Unrest in Tunisia and Egypt Highlight that Fear and Uncertainty Drive Commodities

Unrest in foreign nations cause equities to decline but gold and oil (and even cacao) to rise as commodities provide a safer haven.

Tunesia is a small nation on the North African Mediterranean Coast. According to the CIA World Factbook, ‘the country's first president, Habib Bourguiba, established a strict one-party state. He dominated the country for 31 years, repressing Islamic fundamentalism and establishing rights for women unmatched by any other Arab nation. In November 1987, Bourguiba was removed from office and replaced by Zine el Abidine Ben Ali in a bloodless coup. Ben Ali is currently serving his fifth consecutive five-year term as president. Tunisia has long taken a moderate, non-aligned stance in its foreign relations. Domestically, it has sought to defuse rising pressure for a more open political society.’  What is not stated here is the recent unrest that sent President Zine al-Abidine Ben Ali packing his bags and fleeing the nation.

December 17, 2010 will stay in the minds of Tunisians. On that day citizen Mohamed Bouazizi set fire to himself when officials in his town prevented him from selling vegetables on the streets of Sidi Bouzid without permission.  This set off protests about the unemployment and impoverished situation of the citizens. Seventy-eight people have been killed in the subsequent protests.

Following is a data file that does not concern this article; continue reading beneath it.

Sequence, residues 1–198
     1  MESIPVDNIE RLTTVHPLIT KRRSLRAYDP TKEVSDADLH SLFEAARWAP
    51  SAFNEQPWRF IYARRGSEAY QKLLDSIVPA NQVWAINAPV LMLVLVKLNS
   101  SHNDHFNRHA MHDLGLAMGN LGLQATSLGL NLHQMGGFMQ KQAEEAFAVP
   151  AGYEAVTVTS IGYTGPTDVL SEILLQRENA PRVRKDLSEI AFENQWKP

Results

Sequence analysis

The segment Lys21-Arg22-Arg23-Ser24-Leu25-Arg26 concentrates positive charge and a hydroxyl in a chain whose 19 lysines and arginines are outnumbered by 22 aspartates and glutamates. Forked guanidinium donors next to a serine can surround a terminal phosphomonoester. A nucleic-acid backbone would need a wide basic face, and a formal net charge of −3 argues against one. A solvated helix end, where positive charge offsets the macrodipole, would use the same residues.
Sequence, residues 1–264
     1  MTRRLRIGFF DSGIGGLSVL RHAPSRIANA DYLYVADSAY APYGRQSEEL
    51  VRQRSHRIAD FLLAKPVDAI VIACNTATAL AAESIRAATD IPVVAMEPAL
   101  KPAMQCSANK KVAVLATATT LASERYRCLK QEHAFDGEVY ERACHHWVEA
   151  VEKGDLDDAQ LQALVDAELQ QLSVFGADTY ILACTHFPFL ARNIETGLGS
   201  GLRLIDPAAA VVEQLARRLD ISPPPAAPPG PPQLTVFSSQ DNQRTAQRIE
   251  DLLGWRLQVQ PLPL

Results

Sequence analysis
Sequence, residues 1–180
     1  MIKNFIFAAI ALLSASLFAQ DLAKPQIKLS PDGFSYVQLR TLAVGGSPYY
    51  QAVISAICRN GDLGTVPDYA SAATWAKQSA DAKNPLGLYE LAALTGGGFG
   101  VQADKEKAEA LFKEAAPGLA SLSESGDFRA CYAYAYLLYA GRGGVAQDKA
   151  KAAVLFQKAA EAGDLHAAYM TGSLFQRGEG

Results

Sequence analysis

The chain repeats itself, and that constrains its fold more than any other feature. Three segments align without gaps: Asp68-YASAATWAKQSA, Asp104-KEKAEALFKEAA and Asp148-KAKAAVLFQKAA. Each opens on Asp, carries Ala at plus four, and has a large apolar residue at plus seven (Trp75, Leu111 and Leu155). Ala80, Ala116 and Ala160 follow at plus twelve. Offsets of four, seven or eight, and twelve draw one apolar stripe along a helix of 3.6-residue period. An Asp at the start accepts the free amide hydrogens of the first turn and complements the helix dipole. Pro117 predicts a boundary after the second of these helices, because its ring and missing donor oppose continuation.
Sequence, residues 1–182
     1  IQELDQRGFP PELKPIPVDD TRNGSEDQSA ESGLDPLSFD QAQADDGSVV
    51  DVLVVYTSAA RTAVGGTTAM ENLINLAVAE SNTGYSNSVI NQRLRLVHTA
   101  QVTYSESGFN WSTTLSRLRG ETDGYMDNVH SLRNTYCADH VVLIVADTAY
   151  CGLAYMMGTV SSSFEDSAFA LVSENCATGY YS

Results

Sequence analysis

Fast forward about one month and the Tunisian mentality spread to Egypt. These anti-corruption protests have now turned violent. Egyptian President, Hosni Mubarak has declared a curfew. The military has been called out, and tanks are now in the streets.

This spread of violence and possible coups d'etat of two nations bring obvious concern. But, why should Americans worry? They are located in a hostile region and half a world away anyway, right? Well, yes, there is some distance, but we live in an internationalized world. Moreover, Egypt has a crucial trade passageway – the Seuz Canal. This potential closure would drastically affect the oil price. As of the close of this week and after four days of Egyptian rioting, oil is up. Today, alone, crude oil was up 4.24%.

Although the US dollar also got stronger because of a flight to certainty, gold had a higher run. Gold rose $23.50 today. This $23.50 is a bit deceiving because the figure factors a -0.54% change because of the strength of the US dollar. While this is a paltry gain of 1.79%, it highlights that the greater the uncertainty, the more a flight to the known. Gold is known. Equities had the largest decline since November 2010 because of this flight from uncertainty.

As the world is subject to more and more globalization/internationalization, effects locally have global repercussions. When one watches the news, from an investing perspective, one must question where does this fit in the ‘international web’ of finance. This recent unrest half a world away has had noticeable repercussions domestically. To further exemplify this point, the Republic of Cote d'Ivoire (Ivory Coast) recently banned the export of Cacao beans. With this cacao beans rose 4%. This ban was also the result of political unrest.

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